NEWARK, TEXAS. Newark is on Farm Road 718 two miles east of Eagle Mountain Lake and one mile north of the Tarrant county line in extreme southeast Wise County. Settlement began in the mid-1850s, when Benjamin B. Haney built a home near the waters of Burrett Creek. The first settlers referred to the community as Caddo Village because of numerous remnants of the Caddo Indian culture found along the banks of the West Fork of the Trinity River. Later it was called Odessa, and a post office branch, the first in what was to become Wise County, was established under that name and operated until 1866. Early in its history, however, the town was referred to informally by many names, including Huff Valley, because of the number of Huff family members in the area; Sueville, after Sue Gary, an early settler; and Ragtown, a derogatory reference to the tents of Rock Island Railroad construction crews. After the railroad reached the town in 1893, Rock Island officials proceeded to survey and lay out town lots and reapply for postal service. The community was renamed after Newark, New Jersey, perhaps the hometown of G. K. Foster, the civil engineer who helped survey the town. Newark was a prosperous farming community until the 1920s. It regained its status as a retail market for area farmers by the end of the 1940s. In 1951 Newark incorporated and reported an estimated population of just under 300. In 1986 it had 466 residents and eight businesses. In 1990 the population was 651. The population grew to 887 in 2000.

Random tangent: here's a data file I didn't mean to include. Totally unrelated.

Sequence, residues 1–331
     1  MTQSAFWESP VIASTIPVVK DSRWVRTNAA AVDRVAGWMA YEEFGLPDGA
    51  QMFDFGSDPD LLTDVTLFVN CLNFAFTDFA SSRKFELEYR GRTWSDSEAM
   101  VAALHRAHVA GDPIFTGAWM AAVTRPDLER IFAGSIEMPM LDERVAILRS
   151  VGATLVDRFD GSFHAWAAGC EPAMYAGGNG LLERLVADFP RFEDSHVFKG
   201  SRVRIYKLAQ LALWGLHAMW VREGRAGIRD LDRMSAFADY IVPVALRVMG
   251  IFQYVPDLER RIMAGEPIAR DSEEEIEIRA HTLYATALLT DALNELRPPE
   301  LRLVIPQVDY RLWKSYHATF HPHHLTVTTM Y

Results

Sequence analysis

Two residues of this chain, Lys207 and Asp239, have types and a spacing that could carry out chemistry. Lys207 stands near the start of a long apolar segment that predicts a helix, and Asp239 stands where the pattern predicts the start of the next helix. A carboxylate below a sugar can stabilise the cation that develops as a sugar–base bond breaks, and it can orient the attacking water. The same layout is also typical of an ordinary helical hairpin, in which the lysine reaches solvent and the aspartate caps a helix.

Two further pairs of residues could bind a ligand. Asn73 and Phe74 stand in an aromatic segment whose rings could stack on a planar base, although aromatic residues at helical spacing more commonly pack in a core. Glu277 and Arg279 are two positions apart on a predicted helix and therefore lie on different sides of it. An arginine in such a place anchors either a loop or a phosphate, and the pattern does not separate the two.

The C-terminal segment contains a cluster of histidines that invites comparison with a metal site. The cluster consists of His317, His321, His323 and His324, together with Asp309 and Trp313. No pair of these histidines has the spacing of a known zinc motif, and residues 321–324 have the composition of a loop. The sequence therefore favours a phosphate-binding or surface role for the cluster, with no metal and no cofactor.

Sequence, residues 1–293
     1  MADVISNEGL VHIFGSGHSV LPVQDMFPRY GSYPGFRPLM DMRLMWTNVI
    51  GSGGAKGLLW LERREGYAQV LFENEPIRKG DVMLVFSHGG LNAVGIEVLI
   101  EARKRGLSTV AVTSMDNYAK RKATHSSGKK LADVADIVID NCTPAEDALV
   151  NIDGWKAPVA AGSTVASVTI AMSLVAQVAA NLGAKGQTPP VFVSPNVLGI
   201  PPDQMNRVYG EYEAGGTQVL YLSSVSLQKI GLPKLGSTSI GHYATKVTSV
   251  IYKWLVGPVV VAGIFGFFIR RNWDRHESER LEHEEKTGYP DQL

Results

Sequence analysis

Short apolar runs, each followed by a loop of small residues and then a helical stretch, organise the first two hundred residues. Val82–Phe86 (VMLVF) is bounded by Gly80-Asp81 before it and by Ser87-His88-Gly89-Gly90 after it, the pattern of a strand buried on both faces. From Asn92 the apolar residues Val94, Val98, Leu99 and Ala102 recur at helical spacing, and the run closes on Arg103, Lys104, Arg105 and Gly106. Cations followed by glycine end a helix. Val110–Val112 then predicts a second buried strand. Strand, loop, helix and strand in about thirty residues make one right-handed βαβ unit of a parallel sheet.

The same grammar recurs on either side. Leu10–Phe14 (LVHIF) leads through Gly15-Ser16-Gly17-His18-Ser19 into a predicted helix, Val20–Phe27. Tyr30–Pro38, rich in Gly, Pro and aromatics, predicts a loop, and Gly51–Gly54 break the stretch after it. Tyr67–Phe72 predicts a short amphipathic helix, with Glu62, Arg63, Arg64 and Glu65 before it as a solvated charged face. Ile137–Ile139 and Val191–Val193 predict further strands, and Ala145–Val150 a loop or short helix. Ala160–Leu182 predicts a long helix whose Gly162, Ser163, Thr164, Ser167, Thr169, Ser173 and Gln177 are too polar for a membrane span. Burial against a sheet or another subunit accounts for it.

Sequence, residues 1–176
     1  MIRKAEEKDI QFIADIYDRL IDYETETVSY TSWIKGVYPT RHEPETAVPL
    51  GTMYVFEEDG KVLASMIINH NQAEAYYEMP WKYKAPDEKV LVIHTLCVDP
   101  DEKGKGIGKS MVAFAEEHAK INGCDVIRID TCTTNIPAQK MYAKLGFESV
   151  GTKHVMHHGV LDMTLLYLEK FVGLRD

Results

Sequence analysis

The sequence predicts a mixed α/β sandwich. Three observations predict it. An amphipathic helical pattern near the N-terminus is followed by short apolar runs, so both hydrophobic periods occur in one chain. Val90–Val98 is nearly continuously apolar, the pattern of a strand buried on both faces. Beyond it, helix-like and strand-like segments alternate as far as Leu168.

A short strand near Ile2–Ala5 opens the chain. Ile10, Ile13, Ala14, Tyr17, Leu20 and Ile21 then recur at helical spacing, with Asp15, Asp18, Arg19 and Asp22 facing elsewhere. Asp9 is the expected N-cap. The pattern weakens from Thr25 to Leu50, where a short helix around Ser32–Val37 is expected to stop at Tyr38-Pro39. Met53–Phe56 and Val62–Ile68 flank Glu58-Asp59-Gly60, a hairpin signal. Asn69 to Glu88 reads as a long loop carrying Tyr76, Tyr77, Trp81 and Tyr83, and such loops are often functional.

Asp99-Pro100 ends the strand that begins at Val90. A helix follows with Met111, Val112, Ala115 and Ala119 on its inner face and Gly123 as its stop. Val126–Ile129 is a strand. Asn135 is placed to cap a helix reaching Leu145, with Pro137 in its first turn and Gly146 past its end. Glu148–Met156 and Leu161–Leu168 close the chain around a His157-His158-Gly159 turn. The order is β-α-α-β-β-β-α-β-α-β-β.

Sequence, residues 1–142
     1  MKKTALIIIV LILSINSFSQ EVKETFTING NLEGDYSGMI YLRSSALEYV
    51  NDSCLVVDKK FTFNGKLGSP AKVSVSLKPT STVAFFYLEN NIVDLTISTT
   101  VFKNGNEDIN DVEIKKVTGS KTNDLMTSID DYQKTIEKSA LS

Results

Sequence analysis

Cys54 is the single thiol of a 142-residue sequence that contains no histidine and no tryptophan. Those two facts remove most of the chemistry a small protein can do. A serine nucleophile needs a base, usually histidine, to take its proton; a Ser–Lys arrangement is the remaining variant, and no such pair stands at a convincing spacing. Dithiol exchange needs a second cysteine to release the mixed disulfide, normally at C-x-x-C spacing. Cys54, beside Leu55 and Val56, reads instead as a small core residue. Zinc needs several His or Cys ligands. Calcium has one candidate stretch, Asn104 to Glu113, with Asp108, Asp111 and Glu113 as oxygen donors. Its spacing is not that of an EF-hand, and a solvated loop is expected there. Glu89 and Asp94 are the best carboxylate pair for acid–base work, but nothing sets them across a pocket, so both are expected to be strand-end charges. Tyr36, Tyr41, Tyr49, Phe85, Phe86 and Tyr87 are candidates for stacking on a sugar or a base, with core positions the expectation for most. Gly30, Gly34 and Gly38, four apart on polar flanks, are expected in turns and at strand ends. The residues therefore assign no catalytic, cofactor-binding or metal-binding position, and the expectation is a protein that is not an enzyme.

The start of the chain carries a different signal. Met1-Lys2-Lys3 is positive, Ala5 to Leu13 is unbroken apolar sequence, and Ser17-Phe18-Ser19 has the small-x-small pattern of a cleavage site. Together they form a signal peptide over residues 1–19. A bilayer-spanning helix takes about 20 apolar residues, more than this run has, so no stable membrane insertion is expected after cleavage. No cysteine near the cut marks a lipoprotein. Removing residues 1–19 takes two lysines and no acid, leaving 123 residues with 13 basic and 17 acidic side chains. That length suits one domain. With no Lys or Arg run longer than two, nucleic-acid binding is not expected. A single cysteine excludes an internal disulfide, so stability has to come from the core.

Rosalie Gregg, ed., Wise County History (Vol. 1, n.p: Nortex, 1975; Vol. 2, Austin: Eakin, 1982). Wise County Messenger, Centennial edition, October 4, 1956.
The following, adapted from the Chicago Manual of Style, 15th edition, is the preferred citation for this article.David Minor, "NEWARK, TX," Handbook of Texas Online (http://www.tshaonline.org/handbook/online/articles/hln16), accessed November 30, 2015. Uploaded on June 15, 2010. Published by the Texas State Historical Association.
Get Texas history everyday,
with day by day
Each day's email tells a little bit more of the story of Texas and links to our collection of more than 27,000 articles